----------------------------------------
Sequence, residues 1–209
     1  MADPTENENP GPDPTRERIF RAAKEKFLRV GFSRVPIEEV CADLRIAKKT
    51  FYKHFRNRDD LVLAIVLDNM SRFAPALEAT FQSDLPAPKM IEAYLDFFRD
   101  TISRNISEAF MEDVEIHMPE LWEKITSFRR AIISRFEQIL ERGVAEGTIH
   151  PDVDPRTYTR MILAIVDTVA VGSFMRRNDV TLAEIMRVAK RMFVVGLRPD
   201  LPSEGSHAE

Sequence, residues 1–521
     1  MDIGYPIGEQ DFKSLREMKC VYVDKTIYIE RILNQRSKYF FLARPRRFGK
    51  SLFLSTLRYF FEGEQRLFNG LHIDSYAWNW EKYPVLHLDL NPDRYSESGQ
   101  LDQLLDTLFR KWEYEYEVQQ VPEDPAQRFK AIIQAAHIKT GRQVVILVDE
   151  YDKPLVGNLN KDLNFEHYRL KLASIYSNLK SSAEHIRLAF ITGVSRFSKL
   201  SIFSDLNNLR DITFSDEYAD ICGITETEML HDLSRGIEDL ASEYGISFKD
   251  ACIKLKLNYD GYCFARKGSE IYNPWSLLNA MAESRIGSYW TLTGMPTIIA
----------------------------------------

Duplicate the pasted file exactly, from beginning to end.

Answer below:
Sequence, residues 1–209
     1  MADPTENENP GPDPTRERIF RAAKEKFLRV GFSRVPIEEV CADLRIAKKT
    51  FYKHFRNRDD LVLAIVLDNM SRFAPALEAT FQSDLPAPKM IEAYLDFFRD
   101  TISRNISEAF MEDVEIHMPE LWEKITSFRR AIISRFEQIL ERGVAEGTIH
   151  PDVDPRTYTR MILAIVDTVA VGSFMRRNDV TLAEIMRVAK RMFVVGLRPD
   201  LPSEGSHAE

Sequence, residues 1–521
     1  MDIGYPIGEQ DFKSLREMKC VYVDKTIYIE RILNQRSKYF FLARPRRFGK
    51  SLFLSTLRYF FEGEQRLFNG LHIDSYAWNW EKYPVLHLDL NPDRYSESGQ
   101  LDQLLDTLFR KWEYEYEVQQ VPEDPAQRFK AIIQAAHIKT GRQVVILVDE
   151  YDKPLVGNLN KDLNFEHYRL KLASIYSNLK SSAEHIRLAF ITGVSRFSKL
   201  SIFSDLNNLR DITFSDEYAD ICGITETEML HDLSRGIEDL ASEYGISFKD
   251  ACIKLKLNYD GYCFARKGSE IYNPWSLLNA MAESRIGSYW TLTGMPTIIA